Looking at hardscrabble Butte, it’s hard to imagine many folks tilting vegetarian. But flit into the Hummingbird Cafe and you’ll find a tofu scramble, hemp granola with berries and a portabella omelet – along with more traditional breakfasts.
After breakfast, hop in your car and start with a quick trip to the Berkeley Pit. For $2, peer into a yawning hole representing a small window into the city’s post-pick-and-shovel mining history. From there, head west and take the short wrap-around drive on the Montana Tech campus to the MBMG Mineral Museum. What began in 1901 with a few hundred specimens has sky-rocketed to more than 1,000 on display. Standing out: a huge gold nugget. Save your longest block of time for the World Museum of Mining. It’s on the old Orphan Girl mine site on the back side of the ‘M’ butte overlooking the city. Walk around a model mining village and take the chillingly unvarnished descent into the mine shaft.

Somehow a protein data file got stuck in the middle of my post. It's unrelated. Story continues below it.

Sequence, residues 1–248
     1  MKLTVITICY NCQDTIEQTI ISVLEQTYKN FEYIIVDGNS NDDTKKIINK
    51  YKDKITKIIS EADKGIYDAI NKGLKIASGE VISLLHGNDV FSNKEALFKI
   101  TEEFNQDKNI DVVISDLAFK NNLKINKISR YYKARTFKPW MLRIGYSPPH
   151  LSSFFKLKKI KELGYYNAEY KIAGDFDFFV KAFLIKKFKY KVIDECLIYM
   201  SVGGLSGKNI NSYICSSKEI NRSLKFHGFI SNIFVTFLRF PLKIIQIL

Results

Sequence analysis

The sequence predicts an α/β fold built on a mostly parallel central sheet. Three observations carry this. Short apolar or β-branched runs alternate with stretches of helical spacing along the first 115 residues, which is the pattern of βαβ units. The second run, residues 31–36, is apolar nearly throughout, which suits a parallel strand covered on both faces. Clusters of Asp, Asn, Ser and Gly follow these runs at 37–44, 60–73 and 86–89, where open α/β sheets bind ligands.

Back above ground, a deli sandwich at the Front Street Market will sate midday hunger. In a picnicking mood? Load up on their salamis, gourmet cheeses, homemade soups and a cork-popping array of wines. If your cholesterol is manageable, any Butte culinary bucket list must include the no-frills Freeway Tavern. Its regionally famous wop chop gets its name — and is socially acceptable — because its creator is Italian.
After immersing yourself in Butte history, reward the kids for their patience with a full afternoon at Fairmont Hot Springs, It’s about 15 miles west toward Anaconda. The soothing waters of Olympic-sized indoor and outdoor pools and two soaking pools will offset the squeals of children. Before returning to Butte, take a long and tall look the smelter stack in Anaconda. It’s the tallest man-made structure in Montana. Due to its toxic past, the stack is inaccessible even though it is a state park.
For dinner, more befitting Butte’s persona is the Casagranda Steakhouse and Guido’s Bar in a 1900 warehouse. Though the menu is typical of a steakhouse, Casagranda does boast Sushi Night from 6-9 p.m. every Thursday. Locals and out-of-towners alike favor the culinary diversion, which is complete with Sapporo beer.
St. Patrick’s Day Festival (March), Montana Folk Festival (July) and Evel Knievel Days (August).